• Aliens.

A kick in the teeth for:

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NIH Stimulus Spending

Some good info from ScienceInsider about how NIH is planning to allocate the stimulus money.  It looks like the vast majority will go to existing grants and already-submitted applications.

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Biotech Bailout: Maryland Ask

At a news conference yesterday reported in the Washington Business Journal and picked up by BIO SmartBrief, a group in Maryland expressed their hope that Maryland’s biotech tax credit program, under which

investors receive a tax credit equal to 50 percent of the money they spend

would get the $6 million boost to $12 million initially pledged by Gov. Martin O’Malley (before the budget process), once the State receives the federal stimulus funds from the federal bill.

To qualify for the credit, the company must be based in Maryland, have fewer than 50 employees and be in business less than 10 years.

Interesting that the science funding in the stimulus bill could end up increasing even over the direct amounts via the transfers to States.

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Comparative Effectiveness Stimulus Stimulates Reactions

The $1.1 billion in the stimulus bill for comparative effectiveness research has, not surprisingly, generated a good deal of public attention.  Friday’s Washington Post and the front page of today’s New York Times both have stories covering the political jockeying.

Although both pieces focus on potential problems from the lack of individualization, either from libertarian or advocacy perspectives, neither has picked up our strain that personalized medicine, also favored by the Obama administration, will change the shape of the entire comparative effectiveness debate.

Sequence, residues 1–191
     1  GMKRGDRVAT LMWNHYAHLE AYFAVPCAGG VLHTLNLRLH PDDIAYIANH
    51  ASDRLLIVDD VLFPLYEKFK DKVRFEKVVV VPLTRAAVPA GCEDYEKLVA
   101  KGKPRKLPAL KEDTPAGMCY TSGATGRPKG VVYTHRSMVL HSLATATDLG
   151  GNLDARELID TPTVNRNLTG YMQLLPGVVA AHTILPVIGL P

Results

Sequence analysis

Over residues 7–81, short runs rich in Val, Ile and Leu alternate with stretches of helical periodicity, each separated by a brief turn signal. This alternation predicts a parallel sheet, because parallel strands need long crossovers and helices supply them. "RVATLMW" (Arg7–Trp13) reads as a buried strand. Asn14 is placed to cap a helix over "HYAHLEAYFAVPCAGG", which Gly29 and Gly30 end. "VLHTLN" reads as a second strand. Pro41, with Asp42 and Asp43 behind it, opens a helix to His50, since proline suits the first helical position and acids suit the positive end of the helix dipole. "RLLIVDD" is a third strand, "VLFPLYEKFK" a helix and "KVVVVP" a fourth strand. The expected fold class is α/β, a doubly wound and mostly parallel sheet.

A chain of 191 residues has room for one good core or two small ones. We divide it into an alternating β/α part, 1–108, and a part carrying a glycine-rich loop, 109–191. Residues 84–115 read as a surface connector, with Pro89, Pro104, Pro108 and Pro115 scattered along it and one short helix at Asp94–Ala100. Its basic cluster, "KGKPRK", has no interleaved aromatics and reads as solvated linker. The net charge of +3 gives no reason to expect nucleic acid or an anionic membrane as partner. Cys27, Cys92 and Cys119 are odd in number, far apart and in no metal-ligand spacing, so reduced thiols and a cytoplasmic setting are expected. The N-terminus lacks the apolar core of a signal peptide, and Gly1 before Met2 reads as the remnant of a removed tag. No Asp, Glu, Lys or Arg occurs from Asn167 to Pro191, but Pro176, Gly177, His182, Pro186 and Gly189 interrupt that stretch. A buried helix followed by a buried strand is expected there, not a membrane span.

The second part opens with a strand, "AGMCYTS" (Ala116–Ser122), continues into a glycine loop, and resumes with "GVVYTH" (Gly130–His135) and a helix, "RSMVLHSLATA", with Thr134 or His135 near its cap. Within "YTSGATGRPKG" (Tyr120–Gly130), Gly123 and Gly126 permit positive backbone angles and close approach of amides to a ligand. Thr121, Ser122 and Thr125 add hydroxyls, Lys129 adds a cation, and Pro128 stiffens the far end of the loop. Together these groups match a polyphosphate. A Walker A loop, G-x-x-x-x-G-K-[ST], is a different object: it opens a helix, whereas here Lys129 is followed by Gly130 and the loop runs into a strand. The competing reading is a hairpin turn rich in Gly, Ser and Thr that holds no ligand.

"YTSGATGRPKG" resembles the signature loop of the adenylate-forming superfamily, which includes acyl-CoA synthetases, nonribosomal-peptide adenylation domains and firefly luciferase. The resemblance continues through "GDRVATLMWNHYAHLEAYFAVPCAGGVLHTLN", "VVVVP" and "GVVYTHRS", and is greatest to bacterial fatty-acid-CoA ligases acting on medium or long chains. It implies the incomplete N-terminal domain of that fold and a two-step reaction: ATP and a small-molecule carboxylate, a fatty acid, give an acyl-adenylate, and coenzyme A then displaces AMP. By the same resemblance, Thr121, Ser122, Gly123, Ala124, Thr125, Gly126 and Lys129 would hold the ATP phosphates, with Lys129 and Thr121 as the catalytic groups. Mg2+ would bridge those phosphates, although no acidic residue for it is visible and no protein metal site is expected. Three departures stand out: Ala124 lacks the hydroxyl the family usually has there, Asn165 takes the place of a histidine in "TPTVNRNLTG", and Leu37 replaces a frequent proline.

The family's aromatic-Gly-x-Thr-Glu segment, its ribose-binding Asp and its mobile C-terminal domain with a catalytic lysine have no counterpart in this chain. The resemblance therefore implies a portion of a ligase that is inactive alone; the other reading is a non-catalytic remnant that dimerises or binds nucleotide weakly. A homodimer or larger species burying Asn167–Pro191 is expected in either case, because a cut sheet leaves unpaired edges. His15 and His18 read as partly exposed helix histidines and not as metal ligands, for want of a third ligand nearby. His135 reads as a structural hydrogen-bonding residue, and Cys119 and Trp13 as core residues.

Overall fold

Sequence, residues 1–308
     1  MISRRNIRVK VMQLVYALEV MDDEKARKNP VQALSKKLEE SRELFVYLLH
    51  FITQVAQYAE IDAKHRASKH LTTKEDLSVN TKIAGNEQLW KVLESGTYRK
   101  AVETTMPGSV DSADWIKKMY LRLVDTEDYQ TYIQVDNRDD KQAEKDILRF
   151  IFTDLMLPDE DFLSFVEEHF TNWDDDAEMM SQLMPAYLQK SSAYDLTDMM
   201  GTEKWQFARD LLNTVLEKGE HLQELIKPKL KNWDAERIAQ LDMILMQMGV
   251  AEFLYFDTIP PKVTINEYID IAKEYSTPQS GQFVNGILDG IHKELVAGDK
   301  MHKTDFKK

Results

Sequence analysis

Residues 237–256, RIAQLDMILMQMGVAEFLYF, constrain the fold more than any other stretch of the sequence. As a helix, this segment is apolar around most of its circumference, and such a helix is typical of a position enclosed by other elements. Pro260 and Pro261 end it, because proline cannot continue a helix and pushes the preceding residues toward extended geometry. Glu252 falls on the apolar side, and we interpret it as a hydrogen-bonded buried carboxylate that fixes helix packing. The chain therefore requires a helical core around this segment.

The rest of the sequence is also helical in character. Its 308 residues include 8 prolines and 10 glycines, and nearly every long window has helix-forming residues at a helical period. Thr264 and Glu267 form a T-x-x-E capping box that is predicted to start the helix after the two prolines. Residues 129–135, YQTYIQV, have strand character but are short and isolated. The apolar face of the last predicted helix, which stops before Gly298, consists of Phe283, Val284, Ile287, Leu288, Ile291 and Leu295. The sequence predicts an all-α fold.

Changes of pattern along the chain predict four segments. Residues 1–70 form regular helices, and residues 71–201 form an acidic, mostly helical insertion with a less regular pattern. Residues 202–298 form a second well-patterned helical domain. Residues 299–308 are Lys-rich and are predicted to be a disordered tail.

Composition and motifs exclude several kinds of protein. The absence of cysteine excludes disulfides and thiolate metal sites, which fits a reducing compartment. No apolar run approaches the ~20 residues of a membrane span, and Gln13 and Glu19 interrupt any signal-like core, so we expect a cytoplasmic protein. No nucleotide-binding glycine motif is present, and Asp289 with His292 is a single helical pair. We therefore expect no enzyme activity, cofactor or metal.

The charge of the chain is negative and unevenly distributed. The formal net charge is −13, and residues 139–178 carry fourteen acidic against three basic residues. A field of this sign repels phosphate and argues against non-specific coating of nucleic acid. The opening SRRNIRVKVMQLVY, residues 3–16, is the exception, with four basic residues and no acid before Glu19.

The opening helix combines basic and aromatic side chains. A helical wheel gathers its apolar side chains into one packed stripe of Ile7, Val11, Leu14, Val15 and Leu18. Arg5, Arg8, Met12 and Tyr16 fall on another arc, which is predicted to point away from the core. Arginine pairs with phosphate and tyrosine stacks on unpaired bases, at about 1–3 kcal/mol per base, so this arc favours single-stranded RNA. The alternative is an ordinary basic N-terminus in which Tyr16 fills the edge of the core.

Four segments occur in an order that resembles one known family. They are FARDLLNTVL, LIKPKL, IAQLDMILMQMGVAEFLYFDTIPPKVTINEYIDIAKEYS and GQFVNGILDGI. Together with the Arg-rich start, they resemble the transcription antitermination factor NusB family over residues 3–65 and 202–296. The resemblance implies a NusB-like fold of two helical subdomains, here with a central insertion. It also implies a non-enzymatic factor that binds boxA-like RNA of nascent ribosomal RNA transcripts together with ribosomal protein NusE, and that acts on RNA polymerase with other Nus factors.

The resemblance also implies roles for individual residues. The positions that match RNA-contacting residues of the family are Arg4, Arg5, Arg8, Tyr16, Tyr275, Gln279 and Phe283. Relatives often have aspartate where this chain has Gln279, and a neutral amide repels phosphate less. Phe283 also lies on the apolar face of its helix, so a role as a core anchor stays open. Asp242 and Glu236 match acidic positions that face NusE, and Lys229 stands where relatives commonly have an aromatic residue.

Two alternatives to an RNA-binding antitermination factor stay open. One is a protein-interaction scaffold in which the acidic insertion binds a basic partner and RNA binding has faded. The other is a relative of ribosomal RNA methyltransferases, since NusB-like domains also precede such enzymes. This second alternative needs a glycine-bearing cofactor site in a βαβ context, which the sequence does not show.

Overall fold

More on a recent example after the jump…

Stimulus Bill Originalism

Here’s where you can get the text of the conference report, if you’re in the mood.  At over $1 billion per page (780 pages, $789 billion), it should be good reading.

We compiled information on allocations to science in the stimulus bill earlier in the week.

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U.S. Stimulus Compromise (Updated)

Initial reporting (NYT, WSJ) on the bill coming out of the House-Senate conference committee this evening indicates that the $789 billion package will include most of the Bio-related provisions:

Update 10am: More details from ScienceInsider based on Pelosi’s fact sheet:

  • The Department of Energy’s Office of Science, which supports US physical science, will receive $1.6 billion.
  • $400 million will be provided to fund a new mini agency within DOE called the Advanced Research Project Agency-Energy. Obama’s energy secretary, Steve Chu, is a fan. Now congress has bestowed their blessing — and big money –on his dream energy program.
  • NASA will get $1 billion including $400 million for climate change research.
  • The National Institute of Standards and Technology will receive $580 million.
  • The National Science Foundation would receive the full $3 billion increase that the House had passed last month. That’s a 50% boost to its $6 billion budget. The breakdown of that number is not clear, but the House version contained $2 billion more for research grants; $900 million for three infrastructure programs, including a revived $200 million extramural facilities competition; and $100 million for two education programs.

Update 5pm:

  • The $3 billion in NSF funding breaks down as follows: $2.5 billion for research (peer-reviewed proposals); $100 million for the university research instrumentation program; and $400 million for national labs.
  • The NIST money is for infrastructure: $220 million for lab equipment and $360 million for facilities.
  • USDA gets $850 million for infrastructure.
  • NOAA gets $600 million for facilities and equipment.

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Money = Jobs

As various constituencies make their arguments for bailout funding, the supporting materials have a common, unsurprising, theme: Money = Jobs.  How many jobs?  A collection of the data we’ve found after the jump: